Reconsidering the claim to family reunification in migration

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Title: Reconsidering the claim to family reunification in migration
Authors: Honohan, Iseult
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Date: Dec-2009
Abstract: At a time when entrance to and residence in western states is a scarce resource, a high proportion of legal immigration is based on family reunion. It has recently been suggested that, rather than giving priority to family members, the claims of refugees should be given at least equal consideration by discriminating among family applicants by restricting admission to the immediate or nuclear family. In this paper I focus on the question why we might or might not give family reunification a high priority in admission. I first review the arguments for giving priority in admission to family members from the point of view of citizens and denizens, the state, and incomers. These include: the intrinsic value of, and right to, family life, the possibility of integration, and the agent-specific nature of the obligation. I next examine some arguments we might consider for reducing family priority in migration, namely: the inheritance of privilege, the anachronistic nature of the family, the contemporary prevalence of transnational family relationships, and the multiplier effect of family reunification. I next address the questions whether and how it might be justifiable to discriminate among family members, and if so, on what basis? I ask if restricting family reunification to immediate family is culturally discriminatory, or may run counter to the reasons we respect family life. Finally I outline some sorts of changes in current family reunification policies that may be justified on the basis of these considerations.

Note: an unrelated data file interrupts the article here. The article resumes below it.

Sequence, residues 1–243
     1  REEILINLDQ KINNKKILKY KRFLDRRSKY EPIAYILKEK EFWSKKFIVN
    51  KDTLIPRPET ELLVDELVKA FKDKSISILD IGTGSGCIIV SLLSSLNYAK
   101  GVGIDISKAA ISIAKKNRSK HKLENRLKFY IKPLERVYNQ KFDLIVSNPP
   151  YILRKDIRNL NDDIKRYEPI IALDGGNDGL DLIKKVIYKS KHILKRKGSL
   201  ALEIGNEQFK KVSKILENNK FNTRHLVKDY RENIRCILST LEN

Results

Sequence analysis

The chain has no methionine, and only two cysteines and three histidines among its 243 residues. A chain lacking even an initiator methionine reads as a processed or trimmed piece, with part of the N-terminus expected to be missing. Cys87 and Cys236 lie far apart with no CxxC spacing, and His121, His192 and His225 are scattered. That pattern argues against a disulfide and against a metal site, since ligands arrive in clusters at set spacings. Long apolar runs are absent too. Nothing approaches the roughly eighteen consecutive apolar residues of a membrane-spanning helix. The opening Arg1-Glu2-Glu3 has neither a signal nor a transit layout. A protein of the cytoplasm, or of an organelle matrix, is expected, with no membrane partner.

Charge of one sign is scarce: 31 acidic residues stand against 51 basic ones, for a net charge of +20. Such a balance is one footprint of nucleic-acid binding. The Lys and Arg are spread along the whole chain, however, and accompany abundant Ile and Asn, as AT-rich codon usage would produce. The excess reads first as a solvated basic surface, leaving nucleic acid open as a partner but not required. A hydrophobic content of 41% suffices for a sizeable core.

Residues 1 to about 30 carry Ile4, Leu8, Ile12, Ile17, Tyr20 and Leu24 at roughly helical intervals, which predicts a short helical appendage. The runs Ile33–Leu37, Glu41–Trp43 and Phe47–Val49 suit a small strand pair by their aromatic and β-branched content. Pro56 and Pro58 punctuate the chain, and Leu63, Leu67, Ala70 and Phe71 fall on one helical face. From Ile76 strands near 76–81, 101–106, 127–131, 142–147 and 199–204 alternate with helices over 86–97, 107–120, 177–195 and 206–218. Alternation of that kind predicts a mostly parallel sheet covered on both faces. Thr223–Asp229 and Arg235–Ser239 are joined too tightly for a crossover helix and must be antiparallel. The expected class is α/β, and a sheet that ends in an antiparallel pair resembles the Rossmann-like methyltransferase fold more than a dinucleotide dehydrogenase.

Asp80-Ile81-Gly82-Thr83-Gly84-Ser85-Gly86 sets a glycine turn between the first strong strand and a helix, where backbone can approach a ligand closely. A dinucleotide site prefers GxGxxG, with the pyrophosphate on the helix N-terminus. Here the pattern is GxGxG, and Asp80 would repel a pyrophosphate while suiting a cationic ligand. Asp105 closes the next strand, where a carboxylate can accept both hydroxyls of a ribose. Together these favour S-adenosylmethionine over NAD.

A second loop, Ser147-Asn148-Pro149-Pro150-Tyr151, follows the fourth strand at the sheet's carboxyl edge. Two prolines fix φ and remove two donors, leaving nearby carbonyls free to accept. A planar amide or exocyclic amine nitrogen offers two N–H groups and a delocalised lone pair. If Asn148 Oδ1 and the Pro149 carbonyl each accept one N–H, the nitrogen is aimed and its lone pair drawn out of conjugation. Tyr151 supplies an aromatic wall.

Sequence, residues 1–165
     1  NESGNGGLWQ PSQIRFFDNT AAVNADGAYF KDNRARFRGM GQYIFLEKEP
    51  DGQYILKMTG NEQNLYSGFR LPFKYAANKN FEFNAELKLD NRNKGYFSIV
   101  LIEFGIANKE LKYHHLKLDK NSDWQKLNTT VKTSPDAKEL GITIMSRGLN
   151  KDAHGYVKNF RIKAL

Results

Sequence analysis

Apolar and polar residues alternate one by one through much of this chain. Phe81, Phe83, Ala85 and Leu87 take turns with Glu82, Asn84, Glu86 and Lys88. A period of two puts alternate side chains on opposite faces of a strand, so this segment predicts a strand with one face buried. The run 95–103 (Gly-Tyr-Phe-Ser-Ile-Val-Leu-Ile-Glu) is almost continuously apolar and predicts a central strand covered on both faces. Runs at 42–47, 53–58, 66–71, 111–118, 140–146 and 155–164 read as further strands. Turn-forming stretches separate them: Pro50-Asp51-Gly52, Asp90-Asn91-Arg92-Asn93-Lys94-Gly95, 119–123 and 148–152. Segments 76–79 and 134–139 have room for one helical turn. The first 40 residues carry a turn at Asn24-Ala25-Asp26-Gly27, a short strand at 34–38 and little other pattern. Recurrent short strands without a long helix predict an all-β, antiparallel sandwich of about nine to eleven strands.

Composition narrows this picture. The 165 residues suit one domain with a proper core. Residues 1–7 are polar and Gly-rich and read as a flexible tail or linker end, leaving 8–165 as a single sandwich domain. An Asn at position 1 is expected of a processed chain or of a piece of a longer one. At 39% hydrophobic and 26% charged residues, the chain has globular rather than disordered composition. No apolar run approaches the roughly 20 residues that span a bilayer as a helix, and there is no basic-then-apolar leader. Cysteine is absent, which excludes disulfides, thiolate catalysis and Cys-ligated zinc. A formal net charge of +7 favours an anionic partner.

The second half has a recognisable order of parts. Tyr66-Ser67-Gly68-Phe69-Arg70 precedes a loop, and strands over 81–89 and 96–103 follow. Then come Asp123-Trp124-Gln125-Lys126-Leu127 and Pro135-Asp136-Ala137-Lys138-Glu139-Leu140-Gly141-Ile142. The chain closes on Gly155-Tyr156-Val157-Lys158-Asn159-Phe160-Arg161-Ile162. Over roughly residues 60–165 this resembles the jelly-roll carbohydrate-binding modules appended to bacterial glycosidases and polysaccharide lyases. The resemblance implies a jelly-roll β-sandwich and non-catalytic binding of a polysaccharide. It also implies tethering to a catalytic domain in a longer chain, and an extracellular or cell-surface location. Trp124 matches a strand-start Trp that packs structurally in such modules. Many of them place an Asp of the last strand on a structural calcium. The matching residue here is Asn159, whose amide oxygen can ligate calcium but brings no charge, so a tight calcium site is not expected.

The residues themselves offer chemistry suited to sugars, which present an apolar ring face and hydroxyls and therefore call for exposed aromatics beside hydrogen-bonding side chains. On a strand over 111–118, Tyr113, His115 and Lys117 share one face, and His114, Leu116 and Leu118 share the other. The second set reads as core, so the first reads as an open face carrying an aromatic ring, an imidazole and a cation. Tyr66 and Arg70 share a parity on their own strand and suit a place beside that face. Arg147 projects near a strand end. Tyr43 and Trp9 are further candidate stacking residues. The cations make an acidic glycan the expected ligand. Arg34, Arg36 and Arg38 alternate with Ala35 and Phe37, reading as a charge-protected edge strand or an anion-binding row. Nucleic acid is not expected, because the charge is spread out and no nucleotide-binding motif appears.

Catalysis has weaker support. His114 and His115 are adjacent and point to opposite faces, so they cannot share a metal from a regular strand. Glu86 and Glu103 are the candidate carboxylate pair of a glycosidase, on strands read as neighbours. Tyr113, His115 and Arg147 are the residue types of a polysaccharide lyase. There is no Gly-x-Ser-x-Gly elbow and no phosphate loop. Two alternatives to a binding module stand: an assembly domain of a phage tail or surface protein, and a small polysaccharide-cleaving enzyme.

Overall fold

Funding Details: Not applicable
Type of material: Journal Article
Publisher: Political Studies Association
Copyright (published version): 2008 The author
Keywords: MigrationFamily
Subject LCSH: Emigration and immigration law
Refugees--Legal status, laws, etc.
Immigrant families
Refugee families
DOI: 10.1111/j.1467-9248.2008.00761.x
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Language: en
Status of Item: Peer reviewed
Appears in Collections:Politics and International Relations Research Collection

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